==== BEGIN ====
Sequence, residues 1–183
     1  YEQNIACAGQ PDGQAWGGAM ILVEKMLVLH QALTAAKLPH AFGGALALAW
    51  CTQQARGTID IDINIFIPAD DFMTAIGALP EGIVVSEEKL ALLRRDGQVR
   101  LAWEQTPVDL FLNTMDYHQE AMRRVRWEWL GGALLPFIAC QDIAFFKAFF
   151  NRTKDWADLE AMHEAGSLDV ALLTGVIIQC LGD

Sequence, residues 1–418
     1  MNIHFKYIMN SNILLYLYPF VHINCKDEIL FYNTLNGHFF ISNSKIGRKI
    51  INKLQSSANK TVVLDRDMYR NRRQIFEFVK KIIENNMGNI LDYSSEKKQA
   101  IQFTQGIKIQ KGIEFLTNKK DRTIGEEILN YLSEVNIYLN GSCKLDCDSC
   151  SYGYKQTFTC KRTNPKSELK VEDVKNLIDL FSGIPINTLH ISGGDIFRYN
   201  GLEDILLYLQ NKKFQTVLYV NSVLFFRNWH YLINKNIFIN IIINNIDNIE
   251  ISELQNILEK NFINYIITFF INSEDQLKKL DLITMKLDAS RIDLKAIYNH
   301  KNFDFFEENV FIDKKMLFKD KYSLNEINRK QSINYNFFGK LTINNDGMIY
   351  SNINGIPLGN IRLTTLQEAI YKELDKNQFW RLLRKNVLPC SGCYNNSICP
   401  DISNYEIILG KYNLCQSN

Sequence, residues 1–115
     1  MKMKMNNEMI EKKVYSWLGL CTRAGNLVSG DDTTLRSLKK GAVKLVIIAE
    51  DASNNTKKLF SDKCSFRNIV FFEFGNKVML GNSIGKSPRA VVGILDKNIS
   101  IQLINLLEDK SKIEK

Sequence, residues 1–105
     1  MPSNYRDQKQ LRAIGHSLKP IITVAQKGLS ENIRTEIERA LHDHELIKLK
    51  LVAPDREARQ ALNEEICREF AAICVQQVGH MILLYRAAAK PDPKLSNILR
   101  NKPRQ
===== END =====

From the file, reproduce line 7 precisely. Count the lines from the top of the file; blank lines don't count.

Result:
     1  MNIHFKYIMN SNILLYLYPF VHINCKDEIL FYNTLNGHFF ISNSKIGRKI